University of California, San Francisco
Inspection reports for the University of California, San
Francisco (UCSF) beginning in September of 2000 reveal a continuing
pattern of animal abuse and neglect. On September 27 & 28 USDA/APHIS
officials performed an inspection of UCSF labs as a result of a complaint
which was filed against the facility. Their inspections found that the
complaint was "basically valid." The complaint centered around
experimentation on primates which denied them sufficient food and water.
Violations in areas of IACUC, Personnel Qualifications, Veterinary care
("Monkey #17562was identified as not being a good candidate for a water
restriction study, due to a chronic diarrhea problem, according to
veterinary statements in the animal’s medical record. The records did not
indicate a resolution of the chronic diarrhea [a water loss problem], yet
this animal remained assigned to the protocol and was placed on a
long-term water restriction schedule in October 1999. The animal was also
noted as thin and not gaining weight as early as July 13, 1999, yet no
medical attention was provided for this problem until August, 2000."),
Handling, and Feeding. The inspector concludes the report with a very
damning statement: "In my professional judgment, the nutritional
requirements of these animals were not met for either food or water."
On 5/17 – 25/01 UCSF is cited for IACUC violations for
performing survival surgery on an animal that was sick, and for
inappropriately monitoring a research protocol that involved confining
primates to restraint chairs for a period of up to 8 hours, and improper
use of post-operative analgesics. UCSF is also cited for inadequate
veterinary care of sheep at this time.
On 7/30/01 UCSF is again inspected as a result of a
complaint. The complaint was apparently filed because a primate had been
ill and vomiting for approximately 5 weeks. This primate was also involved
in a training protocol that involved water restriction.
On 11/13/01 UCSF is cited regarding IACUC and Veterinary
Care for inadequate supervision of post surgical treatment of sheep.
On 1/28/02 the UCSF IACUC is again cited for ineffective
monitoring of experimental procedures. Specifically, the primate water
restriction project is mentioned again. Insufficient means of monitoring
the weight loss of primates, and the endpoint necessary for the advent of
veterinary involvement are deemed to be insufficient. The lab is also
cited for inappropriate feed storage, primary enclosures, sanitation, and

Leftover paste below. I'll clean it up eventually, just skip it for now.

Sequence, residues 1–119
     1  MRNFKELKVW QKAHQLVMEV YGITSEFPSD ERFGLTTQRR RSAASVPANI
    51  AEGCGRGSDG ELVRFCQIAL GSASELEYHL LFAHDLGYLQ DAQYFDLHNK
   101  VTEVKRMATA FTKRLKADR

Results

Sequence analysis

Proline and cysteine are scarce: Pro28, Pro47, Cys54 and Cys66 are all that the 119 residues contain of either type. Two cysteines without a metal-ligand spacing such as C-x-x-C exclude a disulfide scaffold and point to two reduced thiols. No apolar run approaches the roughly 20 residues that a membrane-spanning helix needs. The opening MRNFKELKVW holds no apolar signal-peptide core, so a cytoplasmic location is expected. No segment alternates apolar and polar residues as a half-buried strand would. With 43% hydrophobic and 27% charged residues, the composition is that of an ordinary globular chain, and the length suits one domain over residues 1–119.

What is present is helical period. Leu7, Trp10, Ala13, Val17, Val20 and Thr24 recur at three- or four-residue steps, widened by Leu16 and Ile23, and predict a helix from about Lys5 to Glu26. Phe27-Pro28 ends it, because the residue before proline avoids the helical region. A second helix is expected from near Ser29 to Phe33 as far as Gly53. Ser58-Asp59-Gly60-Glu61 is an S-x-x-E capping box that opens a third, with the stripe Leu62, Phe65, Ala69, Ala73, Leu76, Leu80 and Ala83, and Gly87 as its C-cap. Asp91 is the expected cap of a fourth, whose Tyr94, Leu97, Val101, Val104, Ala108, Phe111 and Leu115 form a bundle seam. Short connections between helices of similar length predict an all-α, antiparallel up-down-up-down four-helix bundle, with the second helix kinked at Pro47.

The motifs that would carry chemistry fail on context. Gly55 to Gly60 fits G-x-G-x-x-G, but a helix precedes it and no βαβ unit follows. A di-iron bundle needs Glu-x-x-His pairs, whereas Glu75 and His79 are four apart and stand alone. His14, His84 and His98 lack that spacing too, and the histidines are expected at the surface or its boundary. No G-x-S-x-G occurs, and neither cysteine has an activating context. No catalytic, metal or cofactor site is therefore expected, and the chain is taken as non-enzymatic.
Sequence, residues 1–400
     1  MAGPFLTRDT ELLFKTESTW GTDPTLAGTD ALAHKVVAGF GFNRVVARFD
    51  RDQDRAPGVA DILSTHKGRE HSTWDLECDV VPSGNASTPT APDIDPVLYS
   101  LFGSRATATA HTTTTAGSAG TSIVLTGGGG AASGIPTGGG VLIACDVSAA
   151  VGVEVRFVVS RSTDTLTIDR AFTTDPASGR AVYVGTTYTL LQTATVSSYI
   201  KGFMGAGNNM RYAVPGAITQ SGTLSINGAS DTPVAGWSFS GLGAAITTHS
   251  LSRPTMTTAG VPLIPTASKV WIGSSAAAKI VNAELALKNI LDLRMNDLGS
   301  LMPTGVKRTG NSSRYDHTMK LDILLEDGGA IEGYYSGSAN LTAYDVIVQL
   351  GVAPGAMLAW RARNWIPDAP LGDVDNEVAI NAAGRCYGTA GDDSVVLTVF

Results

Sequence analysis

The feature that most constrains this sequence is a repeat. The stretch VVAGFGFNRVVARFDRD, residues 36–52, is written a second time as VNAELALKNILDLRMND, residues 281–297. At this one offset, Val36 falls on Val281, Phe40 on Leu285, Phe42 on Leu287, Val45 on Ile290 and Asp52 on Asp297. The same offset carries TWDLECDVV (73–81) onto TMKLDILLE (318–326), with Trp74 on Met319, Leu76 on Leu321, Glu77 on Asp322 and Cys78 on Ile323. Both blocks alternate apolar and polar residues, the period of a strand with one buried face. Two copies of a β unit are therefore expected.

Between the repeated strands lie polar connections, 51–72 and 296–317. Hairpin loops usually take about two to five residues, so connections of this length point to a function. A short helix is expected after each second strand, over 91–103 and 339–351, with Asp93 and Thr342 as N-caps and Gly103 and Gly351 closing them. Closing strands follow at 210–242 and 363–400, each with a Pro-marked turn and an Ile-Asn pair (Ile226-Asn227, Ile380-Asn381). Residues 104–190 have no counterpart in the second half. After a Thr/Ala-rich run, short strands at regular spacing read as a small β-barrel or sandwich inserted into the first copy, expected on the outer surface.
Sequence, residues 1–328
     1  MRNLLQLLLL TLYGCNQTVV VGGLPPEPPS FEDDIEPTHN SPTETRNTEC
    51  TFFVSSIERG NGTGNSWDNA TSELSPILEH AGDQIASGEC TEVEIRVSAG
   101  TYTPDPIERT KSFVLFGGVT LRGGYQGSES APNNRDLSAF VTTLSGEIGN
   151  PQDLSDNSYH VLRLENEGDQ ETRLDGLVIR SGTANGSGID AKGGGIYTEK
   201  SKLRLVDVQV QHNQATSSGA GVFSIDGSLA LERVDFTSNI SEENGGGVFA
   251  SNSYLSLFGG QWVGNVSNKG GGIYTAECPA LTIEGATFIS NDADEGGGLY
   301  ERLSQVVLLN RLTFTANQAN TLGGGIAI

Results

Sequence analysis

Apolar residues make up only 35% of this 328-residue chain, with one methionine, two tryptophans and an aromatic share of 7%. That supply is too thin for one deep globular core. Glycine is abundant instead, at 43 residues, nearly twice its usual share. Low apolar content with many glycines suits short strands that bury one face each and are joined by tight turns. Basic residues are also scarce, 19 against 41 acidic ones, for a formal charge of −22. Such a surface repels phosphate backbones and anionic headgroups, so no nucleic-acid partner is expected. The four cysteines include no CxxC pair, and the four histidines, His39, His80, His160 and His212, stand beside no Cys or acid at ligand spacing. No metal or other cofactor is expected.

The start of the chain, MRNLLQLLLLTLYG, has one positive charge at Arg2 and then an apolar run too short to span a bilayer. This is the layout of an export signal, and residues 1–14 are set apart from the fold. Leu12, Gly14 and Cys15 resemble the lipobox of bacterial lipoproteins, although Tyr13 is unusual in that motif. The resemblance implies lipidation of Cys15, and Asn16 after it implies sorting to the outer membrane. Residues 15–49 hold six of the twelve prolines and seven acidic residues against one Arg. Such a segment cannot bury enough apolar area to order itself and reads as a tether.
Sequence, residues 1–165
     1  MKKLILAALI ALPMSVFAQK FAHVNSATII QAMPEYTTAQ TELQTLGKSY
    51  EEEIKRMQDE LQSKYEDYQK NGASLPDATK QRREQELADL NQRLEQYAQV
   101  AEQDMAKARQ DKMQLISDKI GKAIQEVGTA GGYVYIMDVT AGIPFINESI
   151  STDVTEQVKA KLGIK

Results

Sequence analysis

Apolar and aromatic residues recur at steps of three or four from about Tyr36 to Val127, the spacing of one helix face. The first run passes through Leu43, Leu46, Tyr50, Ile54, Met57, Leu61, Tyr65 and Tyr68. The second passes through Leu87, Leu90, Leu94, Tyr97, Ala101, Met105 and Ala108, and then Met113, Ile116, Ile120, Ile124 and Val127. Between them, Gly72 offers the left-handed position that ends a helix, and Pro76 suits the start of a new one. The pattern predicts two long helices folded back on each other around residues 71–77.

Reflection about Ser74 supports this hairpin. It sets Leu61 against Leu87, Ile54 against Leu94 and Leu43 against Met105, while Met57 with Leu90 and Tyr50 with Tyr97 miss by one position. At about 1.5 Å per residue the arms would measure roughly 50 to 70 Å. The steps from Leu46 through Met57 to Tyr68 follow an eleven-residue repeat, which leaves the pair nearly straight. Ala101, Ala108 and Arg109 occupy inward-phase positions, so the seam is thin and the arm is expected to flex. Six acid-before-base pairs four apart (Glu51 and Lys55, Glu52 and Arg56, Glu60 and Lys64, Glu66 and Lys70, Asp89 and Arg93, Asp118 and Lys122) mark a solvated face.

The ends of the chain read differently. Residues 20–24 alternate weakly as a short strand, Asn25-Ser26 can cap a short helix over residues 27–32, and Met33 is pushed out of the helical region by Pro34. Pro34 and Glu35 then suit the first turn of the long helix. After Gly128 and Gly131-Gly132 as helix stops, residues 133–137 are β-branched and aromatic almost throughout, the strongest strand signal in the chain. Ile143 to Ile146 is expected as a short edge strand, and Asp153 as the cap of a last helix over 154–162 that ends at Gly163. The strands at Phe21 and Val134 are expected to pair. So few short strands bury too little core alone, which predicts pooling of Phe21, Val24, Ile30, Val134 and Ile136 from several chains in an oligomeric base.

inappropriate waste disposal.
On 8/5/02 UCSF is again cited for IACUC violations for
investigators not following experimental protocols, insufficient
administration of analgesics, insufficient consideration given to
potentially painful & stressful procedures (in primates), and inadequate
veterinary care. The veterinary care incident involved a marmoset that had
been allowed to loose 36% of his/her body weight without receiving any
treatment. Violations in sanitation and cleaning are again mentioned.
On 2/4/03 UCSF is again cited for IACUC violations
regarding post-surgical monitoring of primates and inadequate use of
analgesics. These violations involve projects where holes were bored into
the skulls of primates. The facility is also cited for falsification of
animal records, and inadequate sanitation.
On 4/16/03 UCSF is again cited for IACUC violations for
inadequate monitoring of experimental procedures and inadequate veterinary
care. This occurrence of inadequate veterinary care resulted in the death
of a rabbit. The rabbit was found unable to move, but was prepared for an
injection as part of an experimental procedure without regard to his/her
health. The rabbit died before the injection could be given. UCSF is also
again cited for sanitation violations.
It must be noted that one primate project underway at
UCSF, the research of Stephen Lisberger, involves severe restrictions of
water intake for primates. It is worthwhile to note that this project has
been funded by the National Institutes of Health for at least 22
consecutive years as of fiscal 2002. While the USDA has been making
substantial efforts to deal with this protocol within the last several
years, the question arises as to what happened to the primates in this
experiment pre-2000? Since the experiment involved severe water
restrictions, from the beginning, why was this not addressed sooner?